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The story of data and analytics in business is one of disconnects. Despite a widespread understanding of the potential benefits of being a data-driven organization, significant investments in data and analytics are failing to yield the expected results. In fact, a recent Economist Intelligence Unit (EIU) survey of 448 senior executives from an assortment of industries found that only 2% of respondents had achieved "broad positive results," despite 70% claiming that analytics was already "very" or "extremely" important to them.
If data and analytics are such miracle drugs for organizations, why aren't more companies reaping the benefits of them?
That same EIU survey offers an explanation, asserting that great analysis often isn't enough, and that there is a strong need for better collaboration between business leaders and analytics practitioners. In short, as Nate Crisel, head of the Real World Informatics and Analytics unit at Astellas Pharma US Inc. put it: "Having bridges in place is what separates leaders from laggards." These bridges are what allow the analytics insights to flow freely from the analytics experts to the business leaders. Without them, the high-powered -- and, often, high-priced -- fruit of advanced analytics will rot on the vine, as the saying goes.
Building bridges is essential in a data-driven organization
So, what exactly are these bridges? Well, they're both tangible and intangible.
In a tangible sense, decision-makers need to be able to easily access and understand data to make use of it. Such widespread data accessibility is often referred to as "data democratization."
Building bridges can be time-consuming and expensive, but it is often a less daunting proposition than forging the crucial, intangible connection between the business and data sides of the house and the building of a data-driven organization and culture.
Such a culture is one in which decisions are made based on well-researched, empirical evidence. In a data-driven organization, data is integrated as seamlessly into daily work as possible, and every effort is made to minimize the effect of cognitive biases (e.g., confirmation bias) on decisions.
There are many prerequisites to an organization becoming data driven, but perhaps none is more critical than having a culture that enables and, indeed, encourages objective, data-informed decision-making. In fact, in a recent survey of its members, APQC found that 36% of respondent organizations consider establishing a data-driven culture to be their top data and analytics challenge -- the second most frequently cited challenge, in fact.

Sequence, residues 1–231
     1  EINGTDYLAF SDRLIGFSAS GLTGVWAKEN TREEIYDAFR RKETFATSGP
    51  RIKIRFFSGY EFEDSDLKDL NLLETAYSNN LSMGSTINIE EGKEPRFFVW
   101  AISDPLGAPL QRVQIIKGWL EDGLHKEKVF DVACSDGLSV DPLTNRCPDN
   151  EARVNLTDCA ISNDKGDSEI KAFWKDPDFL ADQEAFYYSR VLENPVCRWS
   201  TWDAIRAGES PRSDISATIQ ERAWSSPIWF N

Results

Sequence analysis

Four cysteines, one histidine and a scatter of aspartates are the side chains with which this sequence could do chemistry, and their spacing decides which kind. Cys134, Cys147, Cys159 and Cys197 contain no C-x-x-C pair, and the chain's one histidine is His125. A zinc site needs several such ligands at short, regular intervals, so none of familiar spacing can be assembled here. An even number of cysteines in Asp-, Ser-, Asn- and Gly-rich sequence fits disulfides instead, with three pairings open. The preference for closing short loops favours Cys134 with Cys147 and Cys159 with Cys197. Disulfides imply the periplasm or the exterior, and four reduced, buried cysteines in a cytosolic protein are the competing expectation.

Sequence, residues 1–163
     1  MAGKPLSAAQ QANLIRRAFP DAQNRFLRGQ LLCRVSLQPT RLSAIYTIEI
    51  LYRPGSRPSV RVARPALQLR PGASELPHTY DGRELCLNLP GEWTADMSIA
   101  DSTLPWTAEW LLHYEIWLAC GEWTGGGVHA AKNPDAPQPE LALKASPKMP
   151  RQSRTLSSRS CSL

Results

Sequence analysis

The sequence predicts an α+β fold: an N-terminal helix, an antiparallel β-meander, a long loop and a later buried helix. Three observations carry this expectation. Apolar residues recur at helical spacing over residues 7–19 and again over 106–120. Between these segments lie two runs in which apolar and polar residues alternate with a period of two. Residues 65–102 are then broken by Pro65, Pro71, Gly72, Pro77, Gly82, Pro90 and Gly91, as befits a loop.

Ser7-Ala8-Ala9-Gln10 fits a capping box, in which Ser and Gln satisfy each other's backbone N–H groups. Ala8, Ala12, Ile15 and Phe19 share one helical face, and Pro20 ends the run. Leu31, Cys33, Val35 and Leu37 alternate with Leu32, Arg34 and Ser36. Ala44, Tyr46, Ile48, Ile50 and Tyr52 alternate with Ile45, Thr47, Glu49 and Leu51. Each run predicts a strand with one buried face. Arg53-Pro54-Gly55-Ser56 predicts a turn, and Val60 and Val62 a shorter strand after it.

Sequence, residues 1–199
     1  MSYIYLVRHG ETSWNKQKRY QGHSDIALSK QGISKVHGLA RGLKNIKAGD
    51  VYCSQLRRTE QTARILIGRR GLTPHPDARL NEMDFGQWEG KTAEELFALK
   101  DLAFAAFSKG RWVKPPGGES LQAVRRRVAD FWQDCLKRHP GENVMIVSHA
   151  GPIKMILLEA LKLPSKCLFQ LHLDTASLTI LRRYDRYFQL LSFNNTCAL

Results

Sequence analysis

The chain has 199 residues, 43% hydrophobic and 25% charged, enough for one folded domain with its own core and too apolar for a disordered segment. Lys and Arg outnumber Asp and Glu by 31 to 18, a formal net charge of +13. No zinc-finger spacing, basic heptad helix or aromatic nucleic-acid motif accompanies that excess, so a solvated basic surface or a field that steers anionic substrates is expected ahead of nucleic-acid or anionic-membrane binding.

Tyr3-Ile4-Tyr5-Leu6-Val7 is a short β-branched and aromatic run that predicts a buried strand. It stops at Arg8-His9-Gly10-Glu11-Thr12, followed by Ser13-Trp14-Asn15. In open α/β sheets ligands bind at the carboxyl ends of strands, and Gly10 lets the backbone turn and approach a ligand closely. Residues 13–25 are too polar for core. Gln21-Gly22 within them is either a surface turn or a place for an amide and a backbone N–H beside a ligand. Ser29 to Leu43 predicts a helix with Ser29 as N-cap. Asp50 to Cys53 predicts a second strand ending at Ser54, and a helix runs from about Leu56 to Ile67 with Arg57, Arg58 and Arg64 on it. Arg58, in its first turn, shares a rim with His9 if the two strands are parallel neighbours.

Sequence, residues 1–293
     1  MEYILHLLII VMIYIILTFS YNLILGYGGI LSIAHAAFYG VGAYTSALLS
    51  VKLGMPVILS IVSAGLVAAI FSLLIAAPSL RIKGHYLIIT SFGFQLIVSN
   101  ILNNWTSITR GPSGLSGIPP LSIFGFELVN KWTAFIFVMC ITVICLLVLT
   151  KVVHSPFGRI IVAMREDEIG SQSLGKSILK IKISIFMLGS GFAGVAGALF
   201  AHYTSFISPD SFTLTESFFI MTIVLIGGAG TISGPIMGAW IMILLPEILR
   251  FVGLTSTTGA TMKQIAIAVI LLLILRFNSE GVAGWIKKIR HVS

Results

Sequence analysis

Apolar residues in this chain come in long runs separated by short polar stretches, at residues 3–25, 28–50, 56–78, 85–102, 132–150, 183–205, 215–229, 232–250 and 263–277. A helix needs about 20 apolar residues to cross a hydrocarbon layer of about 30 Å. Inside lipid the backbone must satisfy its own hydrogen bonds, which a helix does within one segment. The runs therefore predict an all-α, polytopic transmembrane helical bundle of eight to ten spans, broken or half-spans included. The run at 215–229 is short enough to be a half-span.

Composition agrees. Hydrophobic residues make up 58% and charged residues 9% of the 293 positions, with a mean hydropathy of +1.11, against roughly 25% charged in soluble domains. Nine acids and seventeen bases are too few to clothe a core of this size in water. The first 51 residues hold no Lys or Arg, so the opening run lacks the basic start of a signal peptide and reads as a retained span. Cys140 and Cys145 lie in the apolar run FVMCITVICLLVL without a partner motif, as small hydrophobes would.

As explained in detail in APQC's best practice report, "Change Management for Establishing a Data-Driven Culture," enacting an organization-wide cultural shift is not a simple transition; it's transformational. A change of this magnitude does not happen overnight, nor is it a single, discrete event. Rather, creating a data-driven culture is a long-term undertaking that requires careful planning and preparation; top-to-bottom, widespread commitment; and enduring attention and effort. The following practices will make creating a data-driven culture and, thus, connecting the business to the analytics a much smoother process.
1. Start by using a current-state assessment to understand decision-makers' needs, strategic goals and capabilities. This information will help organizations map the analytics program to their strategic goals. It will also allow you to understand senior leadership's concerns and to present the business case for change to them in the language that resonates with them, in addition to focusing efforts on areas that matter.
At technology company EMC, for example, the change team conducted interviews with employees from a variety of functions and locations to understand the current state of the organization's processes. EMC used a structured approach to highlight key areas to include in the business case, to help change leaders anticipate the collateral effects of the change, to identify potential change champions and subject-matter experts, and to create an organization-wide sense of involvement in and ownership of the change.